David Nolan Gallery presents Parentheses, a group exhibition curated by David Hartt and Sharon Hayes, featuring the University of Pennsylvania’s 2018 MFA graduating class: Lauren Altman, Danièle Dennis, Junyuan Feng, Erlin Geffrard, Adrienne Hall, Jiayi Liu, Jiaqi Pan, Zoya Siddiqui, James Allister Sprang, Heryk Tomassini, Kasey Toomey, Monika Uchiyama, Eric Yue.
It is an unstated reality that our work as artists is most often seen in group exhibitions, amongst and in conversation with other artists’ work in a space with a distinct authorship and authority, under the rubric of a curatorial proposal. Of the experience of installing for a group show, a respected artist once advised younger practitioners, “Arrive first and place your work. And make what you bring is heavier than any other work in the show so no one will want to move it.” Clearly, the navigation of this situation can be riddled with anxiety and competition and demands a negotiation, a reckoning of sorts, with the structural condition of aesthetic practice–that, despite all mythologies to the contrary, our work is not autonomous.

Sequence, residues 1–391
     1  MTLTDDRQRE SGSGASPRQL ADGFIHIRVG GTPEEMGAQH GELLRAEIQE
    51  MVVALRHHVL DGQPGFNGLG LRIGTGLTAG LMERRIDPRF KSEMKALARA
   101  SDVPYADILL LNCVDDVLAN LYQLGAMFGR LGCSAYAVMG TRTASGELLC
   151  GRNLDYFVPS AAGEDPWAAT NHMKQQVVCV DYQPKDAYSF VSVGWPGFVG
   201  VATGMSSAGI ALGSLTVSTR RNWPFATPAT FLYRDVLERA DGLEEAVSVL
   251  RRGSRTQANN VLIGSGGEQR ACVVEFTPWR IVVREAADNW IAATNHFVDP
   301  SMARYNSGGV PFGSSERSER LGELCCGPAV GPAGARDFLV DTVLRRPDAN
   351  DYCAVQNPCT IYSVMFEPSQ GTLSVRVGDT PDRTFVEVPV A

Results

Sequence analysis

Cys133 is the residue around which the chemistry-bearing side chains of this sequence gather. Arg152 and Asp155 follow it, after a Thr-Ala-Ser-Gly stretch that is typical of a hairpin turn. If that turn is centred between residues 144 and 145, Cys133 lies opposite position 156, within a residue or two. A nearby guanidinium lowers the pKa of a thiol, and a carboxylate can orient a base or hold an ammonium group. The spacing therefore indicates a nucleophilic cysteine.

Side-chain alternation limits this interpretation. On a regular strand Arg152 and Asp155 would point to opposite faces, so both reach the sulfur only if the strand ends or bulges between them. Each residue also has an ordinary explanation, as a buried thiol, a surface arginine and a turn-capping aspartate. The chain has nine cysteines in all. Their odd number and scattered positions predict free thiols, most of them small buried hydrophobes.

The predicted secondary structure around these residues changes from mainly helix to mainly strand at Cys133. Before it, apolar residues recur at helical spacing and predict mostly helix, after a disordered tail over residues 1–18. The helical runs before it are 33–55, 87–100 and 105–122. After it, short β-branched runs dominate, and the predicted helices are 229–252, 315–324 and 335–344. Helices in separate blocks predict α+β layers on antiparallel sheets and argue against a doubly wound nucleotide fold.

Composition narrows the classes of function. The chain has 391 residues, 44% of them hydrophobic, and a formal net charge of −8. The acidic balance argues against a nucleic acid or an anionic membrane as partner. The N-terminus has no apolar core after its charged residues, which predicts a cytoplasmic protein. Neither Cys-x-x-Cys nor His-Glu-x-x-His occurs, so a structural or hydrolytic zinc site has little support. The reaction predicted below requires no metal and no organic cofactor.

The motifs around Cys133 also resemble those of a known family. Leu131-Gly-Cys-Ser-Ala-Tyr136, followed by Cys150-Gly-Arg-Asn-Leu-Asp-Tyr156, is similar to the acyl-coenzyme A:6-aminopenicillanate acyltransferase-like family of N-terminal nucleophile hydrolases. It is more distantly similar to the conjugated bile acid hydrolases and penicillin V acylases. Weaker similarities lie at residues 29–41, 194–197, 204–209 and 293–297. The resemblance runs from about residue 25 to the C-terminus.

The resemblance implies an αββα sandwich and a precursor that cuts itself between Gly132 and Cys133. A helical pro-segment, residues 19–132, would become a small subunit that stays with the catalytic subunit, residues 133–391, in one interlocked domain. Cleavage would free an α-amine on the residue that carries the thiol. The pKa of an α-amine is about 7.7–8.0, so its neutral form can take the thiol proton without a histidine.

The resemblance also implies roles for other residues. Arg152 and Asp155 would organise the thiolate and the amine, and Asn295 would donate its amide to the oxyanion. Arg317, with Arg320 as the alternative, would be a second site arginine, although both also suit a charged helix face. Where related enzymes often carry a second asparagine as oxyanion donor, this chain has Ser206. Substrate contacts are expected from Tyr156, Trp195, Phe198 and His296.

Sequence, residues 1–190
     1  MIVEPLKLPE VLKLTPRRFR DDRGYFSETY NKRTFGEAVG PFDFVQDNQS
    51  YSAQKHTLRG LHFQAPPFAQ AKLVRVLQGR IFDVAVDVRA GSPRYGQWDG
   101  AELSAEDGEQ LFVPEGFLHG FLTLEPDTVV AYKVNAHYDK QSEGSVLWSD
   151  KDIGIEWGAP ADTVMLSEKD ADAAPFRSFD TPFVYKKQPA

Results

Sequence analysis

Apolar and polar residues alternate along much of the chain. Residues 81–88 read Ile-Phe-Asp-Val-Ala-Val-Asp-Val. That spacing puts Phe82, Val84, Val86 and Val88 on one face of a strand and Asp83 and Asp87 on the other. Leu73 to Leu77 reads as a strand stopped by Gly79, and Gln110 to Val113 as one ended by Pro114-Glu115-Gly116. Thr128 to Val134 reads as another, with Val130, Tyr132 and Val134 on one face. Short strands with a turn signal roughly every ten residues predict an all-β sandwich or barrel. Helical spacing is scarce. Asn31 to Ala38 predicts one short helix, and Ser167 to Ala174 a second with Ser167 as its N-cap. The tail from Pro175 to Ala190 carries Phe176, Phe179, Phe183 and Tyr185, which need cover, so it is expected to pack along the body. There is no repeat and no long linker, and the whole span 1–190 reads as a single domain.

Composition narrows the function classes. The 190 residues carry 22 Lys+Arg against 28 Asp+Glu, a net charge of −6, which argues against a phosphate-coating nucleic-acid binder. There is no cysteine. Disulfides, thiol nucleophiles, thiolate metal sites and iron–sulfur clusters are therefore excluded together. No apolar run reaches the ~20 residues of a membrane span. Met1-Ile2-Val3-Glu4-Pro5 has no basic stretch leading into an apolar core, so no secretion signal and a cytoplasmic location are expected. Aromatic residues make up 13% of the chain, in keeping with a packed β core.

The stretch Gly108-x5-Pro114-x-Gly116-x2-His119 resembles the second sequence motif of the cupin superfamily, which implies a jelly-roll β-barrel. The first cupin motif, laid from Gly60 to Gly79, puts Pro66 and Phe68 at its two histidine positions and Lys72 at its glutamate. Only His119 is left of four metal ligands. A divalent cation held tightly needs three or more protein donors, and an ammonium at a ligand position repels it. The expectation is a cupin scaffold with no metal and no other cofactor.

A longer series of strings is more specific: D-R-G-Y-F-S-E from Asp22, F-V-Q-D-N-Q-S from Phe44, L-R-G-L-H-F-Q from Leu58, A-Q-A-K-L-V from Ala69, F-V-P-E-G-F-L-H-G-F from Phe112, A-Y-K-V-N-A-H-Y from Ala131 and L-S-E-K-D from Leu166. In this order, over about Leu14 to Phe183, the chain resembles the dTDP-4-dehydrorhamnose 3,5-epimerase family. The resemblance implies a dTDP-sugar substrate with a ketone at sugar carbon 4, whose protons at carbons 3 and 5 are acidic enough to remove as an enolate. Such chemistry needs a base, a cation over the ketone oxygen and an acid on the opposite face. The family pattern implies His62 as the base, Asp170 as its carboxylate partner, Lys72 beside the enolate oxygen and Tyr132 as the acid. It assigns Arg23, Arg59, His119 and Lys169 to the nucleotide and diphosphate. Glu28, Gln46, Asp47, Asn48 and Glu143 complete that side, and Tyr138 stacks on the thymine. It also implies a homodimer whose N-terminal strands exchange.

This group exhibition is composed around an unintentional collective. In choosing to study in the same place, at the same time, these artists became, by default, a group. Each engaged their own intensive interrogations in the context of shared structures, overlapping and intersecting urgencies and unexpected events or happenings. (One of those, for this group, was the tumult of the 2016 US Presidential Election and its aftermaths.)
This constellation of their individual works does not propose a thematic concern, a unified material investigation, a set of animating theoretical foundations or, even, a mutual commitment to a particular futurity. So what does this exhibition offer in terms of a shared horizon of aesthetic practice?
The heterogeneous works of these 13 artists evidence singular urgencies and deep commitments. Their work and the seriousness of their endeavors gather a kind of critical hopefulness that is rather extraordinary in this particular moment of time.
In his introduction to Cruising Utopia, performance scholar and queer theorist Jose Munoz cites the work of philosopher Ernst Bloch from which his own theorizations have taken flight. “Bloch offers us hope as a hermeneutic, and from the point of view of political struggles today, such a critical optic is nothing short of necessary in order to combat the force of political pessimism.”
Here, in the works of these artists, are not moves of blind optimism but rather hard and insistent works of resistance offered in forms of bigness and heaviness that need not take up all the space in the gallery.